Where ICE reports COVID-19 cases

By Mohamed Al Elew and Patrick Michels | Sept. 10, 2020

U.S. Immigration and Customs Enforcement began publishing data on coronavirus cases in its detention centers in late March, soon after the agency reported the first case of COVID-19 among people in its custody.

These numbers provide a window into how the virus is spreading around ICE’s network of nearly 200 detention centers, but they also have serious limitations. For one, ICE doesn’t publicly track how case totals change over time. And while ICE reports how many total tests it has administered nationally, the agency doesn’t report how many tests have been conducted at individual facilities.

Reveal reporters have analyzed snapshots of ICE’s website, which were compiled by researchers at the Vera Institute of Justice. The charts below show how ICE reports of COVID-19 in detention facilities have changed over time.

Mohamed Al Elew can be reached at malelew@revealnews.org, and Patrick Michels can be reached at pmichels@revealnews.org. Follow Michels on Twitter: @PatrickMichels.

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Mohamed Al Elew (he/him) was a data reporter for Reveal. He received his bachelor’s degree in computer science at the University of California San Diego, where he was a research scholar at the Data Science Institute and served as editor in chief of The Triton, the school’s independent student newsroom. As an intern at CalMatters, he worked on an award-winning investigation into instruction lost at California public schools due to natural disasters and infrastructure failures.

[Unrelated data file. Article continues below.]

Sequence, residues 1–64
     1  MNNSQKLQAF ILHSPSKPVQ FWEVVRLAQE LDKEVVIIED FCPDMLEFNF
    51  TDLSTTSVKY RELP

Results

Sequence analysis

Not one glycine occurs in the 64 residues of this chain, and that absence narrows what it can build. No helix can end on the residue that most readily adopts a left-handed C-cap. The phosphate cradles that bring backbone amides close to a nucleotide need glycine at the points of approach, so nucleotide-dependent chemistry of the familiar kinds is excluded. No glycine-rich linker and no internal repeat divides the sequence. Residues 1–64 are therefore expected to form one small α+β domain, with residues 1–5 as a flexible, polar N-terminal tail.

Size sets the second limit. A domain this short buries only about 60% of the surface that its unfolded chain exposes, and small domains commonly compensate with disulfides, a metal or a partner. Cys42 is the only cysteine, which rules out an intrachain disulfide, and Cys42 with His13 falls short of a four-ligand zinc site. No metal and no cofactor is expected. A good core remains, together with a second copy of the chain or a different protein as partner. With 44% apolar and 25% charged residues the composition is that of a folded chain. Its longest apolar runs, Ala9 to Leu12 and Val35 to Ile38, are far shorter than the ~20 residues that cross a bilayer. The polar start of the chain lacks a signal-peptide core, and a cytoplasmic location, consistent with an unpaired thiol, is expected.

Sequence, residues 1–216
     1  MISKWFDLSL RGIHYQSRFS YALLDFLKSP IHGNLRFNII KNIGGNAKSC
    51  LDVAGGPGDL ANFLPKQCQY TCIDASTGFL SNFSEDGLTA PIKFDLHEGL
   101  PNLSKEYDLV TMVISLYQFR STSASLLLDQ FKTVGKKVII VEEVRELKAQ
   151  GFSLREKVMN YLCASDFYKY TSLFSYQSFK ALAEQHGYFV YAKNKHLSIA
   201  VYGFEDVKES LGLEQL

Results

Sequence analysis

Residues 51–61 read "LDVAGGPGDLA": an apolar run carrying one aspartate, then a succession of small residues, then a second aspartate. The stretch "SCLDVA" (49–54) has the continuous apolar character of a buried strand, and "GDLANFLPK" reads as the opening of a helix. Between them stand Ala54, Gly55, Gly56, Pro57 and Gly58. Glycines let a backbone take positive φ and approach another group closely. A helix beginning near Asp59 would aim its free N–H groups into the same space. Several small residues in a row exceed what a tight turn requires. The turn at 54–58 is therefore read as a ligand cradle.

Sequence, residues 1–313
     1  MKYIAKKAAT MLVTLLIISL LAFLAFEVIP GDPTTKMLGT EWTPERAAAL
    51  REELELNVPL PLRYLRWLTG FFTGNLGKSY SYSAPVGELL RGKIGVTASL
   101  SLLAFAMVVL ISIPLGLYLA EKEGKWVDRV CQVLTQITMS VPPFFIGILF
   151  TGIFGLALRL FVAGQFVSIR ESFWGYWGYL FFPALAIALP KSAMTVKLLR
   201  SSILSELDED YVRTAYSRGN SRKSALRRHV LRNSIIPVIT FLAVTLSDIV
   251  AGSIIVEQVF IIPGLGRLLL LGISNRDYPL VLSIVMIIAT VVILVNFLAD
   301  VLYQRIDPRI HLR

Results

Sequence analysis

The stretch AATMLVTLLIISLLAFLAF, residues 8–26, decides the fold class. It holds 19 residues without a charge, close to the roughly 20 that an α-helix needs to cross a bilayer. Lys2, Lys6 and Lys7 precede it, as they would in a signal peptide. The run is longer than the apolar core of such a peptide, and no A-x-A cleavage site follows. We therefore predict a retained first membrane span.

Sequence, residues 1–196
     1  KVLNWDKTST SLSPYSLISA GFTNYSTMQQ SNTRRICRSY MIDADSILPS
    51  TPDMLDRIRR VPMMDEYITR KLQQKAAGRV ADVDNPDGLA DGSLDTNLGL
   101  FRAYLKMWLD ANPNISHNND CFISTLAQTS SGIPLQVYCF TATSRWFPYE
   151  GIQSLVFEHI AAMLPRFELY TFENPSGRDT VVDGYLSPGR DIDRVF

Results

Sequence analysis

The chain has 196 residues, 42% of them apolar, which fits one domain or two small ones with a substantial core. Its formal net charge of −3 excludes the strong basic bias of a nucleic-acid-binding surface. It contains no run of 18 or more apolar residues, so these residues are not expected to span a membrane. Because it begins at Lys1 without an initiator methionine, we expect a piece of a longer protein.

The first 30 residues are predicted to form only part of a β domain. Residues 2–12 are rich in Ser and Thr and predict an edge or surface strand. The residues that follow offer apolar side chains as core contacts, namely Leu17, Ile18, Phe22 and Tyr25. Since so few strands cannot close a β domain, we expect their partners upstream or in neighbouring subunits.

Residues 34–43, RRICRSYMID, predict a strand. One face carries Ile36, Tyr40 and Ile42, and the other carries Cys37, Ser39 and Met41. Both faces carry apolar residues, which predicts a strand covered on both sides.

Patrick Michels is a former reporter for Reveal, covering immigration. His coverage focused on immigration courts and legal access, privatization in immigration enforcement, and the government's care for unaccompanied children. He contributed to Reveal's award-winning project on indigenous land rights disputes created by oil pipelines. Previously, he was a staff writer at the Texas Observer, where his work included an investigation into corruption at the Department of Homeland Security and how the state's broken guardianship system allowed elder abuse to go unchecked. Michels was a Livingston Award finalist for his investigation into the deadly armored car industry. He has a bachelor's degree in journalism from Northwestern University and a master's degree in photojournalism from the University of Texas at Austin, where his work focused on government contractors grappling with trauma and injuries from their time in Iraq.